Best crisis or issues management
Hitachi 800 fleet issues
As a long-distance rail operator, LNER is no stranger to dealing with disruptions, from the fearsome leaves on the line, to infrastructure challenges and even animals trespassing along its routes. Its response has been to remain agile and establish clear lines of communication with all key audiences.
But at 4.30am on Saturday 8 May, LNER was alerted to a hitherto unknown form of disruption. Cracks had been found underneath several Hitachi 800 trains which, until then, formed the entirety of its fleet known as Azuma. Hitachi announced that all Class 800 trains would be prevented from service until safety checks had been completed.
This move would obviously lead to the cancellation of all LNER services, which would have a major impact for days, weeks and potentially months ahead.
Working with counterparts at Hitachi, Great Western Railway, the Department for Transport and Rail Delivery Group, LNER’s communications team swiftly created an aligned approach from the initial media statement to an agreed Forward Recovery Plan. A communications toolkit ensured a consistent approach across different audiences.
LNER informed passengers through its website, apps and social media channels, but was also scrupulous about ensuring that all media coverage was accurate. The communications team responded to an unprecedented volume of media calls and swiftly addressed any inaccurate or misleading reports.
Internally, it organised the first ever Disruption Managers’ Call for 450 managers, which featured updates from the business and also shared key messages for frontline team members to use.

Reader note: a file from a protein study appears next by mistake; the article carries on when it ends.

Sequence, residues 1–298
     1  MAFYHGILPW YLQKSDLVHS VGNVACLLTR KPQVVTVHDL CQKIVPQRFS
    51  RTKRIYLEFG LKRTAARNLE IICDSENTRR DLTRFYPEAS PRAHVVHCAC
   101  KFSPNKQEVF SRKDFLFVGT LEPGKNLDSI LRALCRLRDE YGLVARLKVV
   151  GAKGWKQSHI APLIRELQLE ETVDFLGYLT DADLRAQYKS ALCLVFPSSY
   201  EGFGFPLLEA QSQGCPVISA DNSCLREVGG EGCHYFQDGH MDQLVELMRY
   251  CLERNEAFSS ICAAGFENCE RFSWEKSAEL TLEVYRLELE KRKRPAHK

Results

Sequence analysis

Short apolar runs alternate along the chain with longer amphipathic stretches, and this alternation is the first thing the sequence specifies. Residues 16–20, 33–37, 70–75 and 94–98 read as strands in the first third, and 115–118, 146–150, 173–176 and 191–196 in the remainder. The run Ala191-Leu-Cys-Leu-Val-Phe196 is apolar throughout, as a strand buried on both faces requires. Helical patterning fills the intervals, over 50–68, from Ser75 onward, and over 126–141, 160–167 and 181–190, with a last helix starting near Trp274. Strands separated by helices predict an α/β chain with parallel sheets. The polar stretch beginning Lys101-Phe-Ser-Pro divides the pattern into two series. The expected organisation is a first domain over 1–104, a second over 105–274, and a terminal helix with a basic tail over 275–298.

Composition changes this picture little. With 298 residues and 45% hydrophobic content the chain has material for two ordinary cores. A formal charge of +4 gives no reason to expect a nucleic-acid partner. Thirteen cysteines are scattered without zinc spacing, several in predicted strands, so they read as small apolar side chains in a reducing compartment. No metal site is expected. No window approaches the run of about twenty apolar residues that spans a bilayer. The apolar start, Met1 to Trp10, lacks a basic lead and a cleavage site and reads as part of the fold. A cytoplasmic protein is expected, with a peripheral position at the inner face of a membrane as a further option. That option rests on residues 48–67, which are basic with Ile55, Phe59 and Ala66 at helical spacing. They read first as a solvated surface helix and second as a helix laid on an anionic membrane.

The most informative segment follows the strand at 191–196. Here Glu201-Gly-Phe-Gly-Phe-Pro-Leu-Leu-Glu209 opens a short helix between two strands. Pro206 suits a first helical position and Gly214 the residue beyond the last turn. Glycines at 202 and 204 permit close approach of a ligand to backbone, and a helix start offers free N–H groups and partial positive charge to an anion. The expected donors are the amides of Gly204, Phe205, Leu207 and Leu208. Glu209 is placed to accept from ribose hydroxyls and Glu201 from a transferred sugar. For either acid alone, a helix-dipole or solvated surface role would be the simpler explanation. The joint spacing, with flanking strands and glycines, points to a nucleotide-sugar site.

As the initial reaction to the announcement eased, LNER organised regular calls between relevant teams, internally and externally, to ensure collaboration and that a consistent and clear message was being conveyed to customers. MPs and MSPs received verbal briefings on the situation, while a newsletter kept stakeholders briefed.
Media alerts served to keep customers updated about the latest fleet information, how best to check their travel plans and their rights should they no longer travel or complete their journey.
As a result of LNER’s swift response, and a determination to keep to the key principles of its existing crisis communications plan, 72 per cent of media coverage was neutral. LNER was also not the focus of attention, with Hitachi and Great Western Railway receiving greater attention.
From the outset, LNER’s communications team was focused on ensuring that the rail operator’s brand was left unscathed. This proved to be the case when its June sentiment scores bounced back to 24 per cent positive (22 per cent in May), 67 per cent neutral (five per cent) and nine per cent negative (-17 per cent).